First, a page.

With a nationwide slip in immunizations, routine childhood vaccinations keep kids safe in schools
Childhood vaccinations save approximately 4 million deaths each year worldwide. It’s no surprise, then, that history books commonly label immunizations as one of the greatest success stories of modern medicine.
Vaccines work as invisible shields inside your child’s body. When your child is exposed to a disease in vaccine form at a very early age, their immune systems begin producing much-needed antibodies that protect them from becoming sick when first exposed to that disease, whether it’s influenza, chickenpox, hepatitis or tetanus.
Vaccines start very early – at two months old. The reason we start so early is because a baby can get very sick from diseases and they need that protection right away. Thanks to vaccines, babies now live much longer and healthier lives. Vaccines, in fact, are the main reason why so many babies survive into adulthood.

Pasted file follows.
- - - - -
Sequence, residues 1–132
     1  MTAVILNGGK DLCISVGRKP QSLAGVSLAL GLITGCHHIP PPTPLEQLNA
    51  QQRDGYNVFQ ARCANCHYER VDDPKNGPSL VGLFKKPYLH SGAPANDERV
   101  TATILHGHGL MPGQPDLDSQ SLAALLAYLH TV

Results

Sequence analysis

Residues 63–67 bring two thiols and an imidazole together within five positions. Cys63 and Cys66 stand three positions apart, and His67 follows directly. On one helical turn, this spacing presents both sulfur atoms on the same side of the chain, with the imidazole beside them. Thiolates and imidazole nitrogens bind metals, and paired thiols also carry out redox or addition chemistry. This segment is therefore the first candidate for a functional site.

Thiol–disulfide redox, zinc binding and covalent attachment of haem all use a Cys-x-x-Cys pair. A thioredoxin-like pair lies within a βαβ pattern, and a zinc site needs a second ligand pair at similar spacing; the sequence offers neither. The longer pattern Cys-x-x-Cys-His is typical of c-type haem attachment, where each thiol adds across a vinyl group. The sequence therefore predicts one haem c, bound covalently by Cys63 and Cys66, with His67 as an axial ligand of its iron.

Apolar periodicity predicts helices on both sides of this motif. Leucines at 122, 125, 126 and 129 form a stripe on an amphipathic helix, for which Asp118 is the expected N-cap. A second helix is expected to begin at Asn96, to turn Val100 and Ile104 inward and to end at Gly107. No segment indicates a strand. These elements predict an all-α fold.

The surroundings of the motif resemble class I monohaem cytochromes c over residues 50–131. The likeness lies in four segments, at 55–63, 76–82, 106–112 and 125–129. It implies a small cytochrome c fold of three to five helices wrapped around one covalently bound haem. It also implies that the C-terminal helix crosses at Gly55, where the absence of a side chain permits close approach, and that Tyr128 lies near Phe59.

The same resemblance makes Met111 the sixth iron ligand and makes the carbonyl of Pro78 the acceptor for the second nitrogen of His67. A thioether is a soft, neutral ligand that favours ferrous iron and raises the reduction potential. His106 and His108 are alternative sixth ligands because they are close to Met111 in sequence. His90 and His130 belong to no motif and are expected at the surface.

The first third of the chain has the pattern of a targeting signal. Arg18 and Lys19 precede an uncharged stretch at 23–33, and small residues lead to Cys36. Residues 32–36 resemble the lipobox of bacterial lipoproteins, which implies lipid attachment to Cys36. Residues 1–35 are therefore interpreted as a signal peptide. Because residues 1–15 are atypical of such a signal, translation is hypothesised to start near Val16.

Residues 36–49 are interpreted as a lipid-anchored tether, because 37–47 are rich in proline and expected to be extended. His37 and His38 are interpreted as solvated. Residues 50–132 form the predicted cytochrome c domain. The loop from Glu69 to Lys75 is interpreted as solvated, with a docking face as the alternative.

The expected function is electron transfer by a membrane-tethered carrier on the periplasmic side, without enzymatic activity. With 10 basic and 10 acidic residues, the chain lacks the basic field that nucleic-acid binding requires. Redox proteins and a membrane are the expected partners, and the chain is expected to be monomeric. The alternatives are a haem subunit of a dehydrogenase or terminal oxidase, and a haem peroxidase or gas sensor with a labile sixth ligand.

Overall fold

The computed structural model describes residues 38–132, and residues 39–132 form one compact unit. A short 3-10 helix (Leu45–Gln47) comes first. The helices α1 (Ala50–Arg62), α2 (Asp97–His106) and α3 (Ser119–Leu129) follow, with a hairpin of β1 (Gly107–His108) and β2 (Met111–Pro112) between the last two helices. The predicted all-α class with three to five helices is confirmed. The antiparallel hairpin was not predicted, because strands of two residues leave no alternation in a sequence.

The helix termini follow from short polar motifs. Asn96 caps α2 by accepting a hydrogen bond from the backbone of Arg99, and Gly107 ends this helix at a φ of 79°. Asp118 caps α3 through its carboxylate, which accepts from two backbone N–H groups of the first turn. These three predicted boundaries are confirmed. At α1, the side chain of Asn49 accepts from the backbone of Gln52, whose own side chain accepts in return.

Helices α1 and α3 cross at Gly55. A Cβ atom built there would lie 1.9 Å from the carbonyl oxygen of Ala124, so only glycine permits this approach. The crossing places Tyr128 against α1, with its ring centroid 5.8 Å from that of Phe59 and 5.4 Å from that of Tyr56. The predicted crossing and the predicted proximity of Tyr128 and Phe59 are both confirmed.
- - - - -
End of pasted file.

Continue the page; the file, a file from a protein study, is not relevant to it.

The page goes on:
With area schools opening this month, a lot of kiddos need updates to their vaccinations to stay safe and healthy inside the classroom. In fact, most parents associate vaccine booster shots with their kindergarten-aged children. At that age they require polio, measles, influenza, diphtheria and chickenpox shots, among others. Most clinics combine these various vaccines into just two shots so there’s less stress on the child and parents. Booster shots are also needed for older students entering junior high and senior high school.
Sadly, we are seeing a decrease in immunization rates nationwide. With that, some diseases are making a comeback, such as mumps and measles. We don’t want these diseases showing up in our clinics or our communities. The best way we protect against that happening is to keep immunization rates high.
To ensure your child’s germ-fighting defenses remain strong, maintaining yearly wellness health appointments, usually at the time of your child’s birthday, is paramount. This not only keeps your child safe from diseases, but it prevents a potential disease outbreak or public health emergency from happening.
Remember, vaccines can prevent common diseases that at one time seriously harmed or even killed infants, children and adults. Without vaccines, your child is at risk of becoming seriously ill or even dying from childhood diseases such as measles and whooping cough. Routine immunizations can prevent that.